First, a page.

May 26, 2022

Volume XII, Number 146

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Prop 12 Enforcement Delayed for Some Stakeholders

  • On January 24, Judge James P. Arguelles for the Superior Court in Sacramento County ordered an enforcement delay of a part of California’s Proposition 12. Judge Arguelles ruled that grocers, restaurants, and retailers would not be subject to enforcement of the new restrictions on whole pork meat sales until six months after the state enacts final regulations. The ruling comes in response to a January 21 hearing for a prohibitory writ of mandate and complaint for declaratory and injunctive relief, petitioned by the California Hispanic Chambers of Commerce, Kruse & Son, Inc., California Grocers Association, California Restaurant Association, and the California Retailers Association.

  • As a recap from our 2019 blog post on Prop 12, California voters passed this law as a ballot initiative in the November 2018 election. The new law established the standard for confinement of certain farm animals and bans the sale of eggs, veal, and pork products that do not comply with the new confinement standards. In 2019 and 2020, the California Department of Food and Agriculture (CDFA) solicited input from stakeholders regarding the regulatory framework for Prop 12, with specific focus on production facility registration, certification, verification audits or inspections, border station inspections, and a penalty matrix for violations including an appeal process. In May 2021, CDFA and the California Department of Public Health (CDPH) published proposed regulations, which triggered a 45-day public comment period. The revised proposed regulations were published on December 3, 2021 and had a 15-day comment period. Final regulations are not yet in effect, but some grocery store chains and pork suppliers have issued statements of compliance with the Act while awaiting the final regulations.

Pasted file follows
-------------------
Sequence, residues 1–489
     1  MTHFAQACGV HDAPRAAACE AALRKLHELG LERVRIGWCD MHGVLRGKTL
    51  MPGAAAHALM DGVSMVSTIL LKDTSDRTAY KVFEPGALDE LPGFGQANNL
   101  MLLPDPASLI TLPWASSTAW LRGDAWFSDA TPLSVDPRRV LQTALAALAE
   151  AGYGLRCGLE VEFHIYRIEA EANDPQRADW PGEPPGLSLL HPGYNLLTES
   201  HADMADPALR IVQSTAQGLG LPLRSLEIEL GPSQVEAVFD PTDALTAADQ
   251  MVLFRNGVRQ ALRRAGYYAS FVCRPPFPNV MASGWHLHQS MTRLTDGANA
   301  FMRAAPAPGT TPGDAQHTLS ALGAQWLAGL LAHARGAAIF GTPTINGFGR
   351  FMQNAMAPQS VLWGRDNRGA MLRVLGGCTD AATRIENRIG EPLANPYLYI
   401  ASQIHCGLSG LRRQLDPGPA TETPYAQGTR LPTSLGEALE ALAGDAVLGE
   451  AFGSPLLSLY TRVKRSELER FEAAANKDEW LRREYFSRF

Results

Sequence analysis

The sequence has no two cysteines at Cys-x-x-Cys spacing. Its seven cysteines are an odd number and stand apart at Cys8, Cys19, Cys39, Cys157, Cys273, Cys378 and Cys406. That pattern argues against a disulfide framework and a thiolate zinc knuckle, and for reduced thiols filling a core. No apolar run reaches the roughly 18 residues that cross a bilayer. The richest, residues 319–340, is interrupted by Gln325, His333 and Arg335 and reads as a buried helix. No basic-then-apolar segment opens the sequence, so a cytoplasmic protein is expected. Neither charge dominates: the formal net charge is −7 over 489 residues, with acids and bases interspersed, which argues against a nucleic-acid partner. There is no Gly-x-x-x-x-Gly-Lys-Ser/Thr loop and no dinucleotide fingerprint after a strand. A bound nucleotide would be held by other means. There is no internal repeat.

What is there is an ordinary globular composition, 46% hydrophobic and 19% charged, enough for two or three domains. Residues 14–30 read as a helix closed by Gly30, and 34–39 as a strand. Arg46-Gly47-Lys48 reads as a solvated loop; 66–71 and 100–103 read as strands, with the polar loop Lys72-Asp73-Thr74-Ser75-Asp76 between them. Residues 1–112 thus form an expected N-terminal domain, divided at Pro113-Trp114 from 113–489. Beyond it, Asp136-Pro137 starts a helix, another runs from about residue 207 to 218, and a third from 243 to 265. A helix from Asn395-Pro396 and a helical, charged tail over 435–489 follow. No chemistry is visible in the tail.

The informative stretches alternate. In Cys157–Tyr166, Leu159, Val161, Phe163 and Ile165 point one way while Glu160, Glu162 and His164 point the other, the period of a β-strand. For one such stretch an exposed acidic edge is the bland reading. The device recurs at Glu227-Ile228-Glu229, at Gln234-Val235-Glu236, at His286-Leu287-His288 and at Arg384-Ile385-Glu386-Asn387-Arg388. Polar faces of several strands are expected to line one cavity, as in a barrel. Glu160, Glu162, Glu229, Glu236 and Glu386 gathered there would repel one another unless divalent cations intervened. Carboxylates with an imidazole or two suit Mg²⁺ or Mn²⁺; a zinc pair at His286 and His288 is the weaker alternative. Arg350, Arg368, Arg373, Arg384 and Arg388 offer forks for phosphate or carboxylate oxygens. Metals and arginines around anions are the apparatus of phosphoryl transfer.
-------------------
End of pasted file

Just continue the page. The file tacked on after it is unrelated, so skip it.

• However, the petitioners in the instant proceeding argued that, without final regulations, they should not be subject to penalties associated with sales of nonconforming whole pork meat. Petitioners asked the court to (1) declare the square-footage requirement unenforceable absent final regulations, (2) delay enforcement of the same requirements until 28 months post-publication of final regulations, and (3) bar the CDFA and CDPH from enforcing the square-footage requirements for 28 months post publication.

  • In the order, Judge Arguelles held that, because the Act required the promulgation of final regulations by September 1, 2019, a delay in enforcement was warranted but disagreed that a 28 month delay was appropriate because “[t]he court must be mindful of the Act’s concern about cruel confinements, and the enforcement delay must not exceed a period that is necessary. Thus, he ordered the court’s writ to remain in effect until 6 months post-publication of the final regulations.

© 2022 Keller and Heckman LLPNational Law Review, Volume XII, Number 26
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About this Author

Keller and Heckman offers global food and drug services to its clients. Our comprehensive and extensive food and drug practice is one of the largest in the world. We promote, protect, and defend products made by the spectrum of industries regulated by the U.S. Food and Drug Administration (FDA), the European Commission and Member States authorities in the European Union (EU) and similar authorities throughout the world. The products we help get to market include foods, pharmaceuticals, medical devices, veterinary products, dietary supplements, and cosmetics. In addition...

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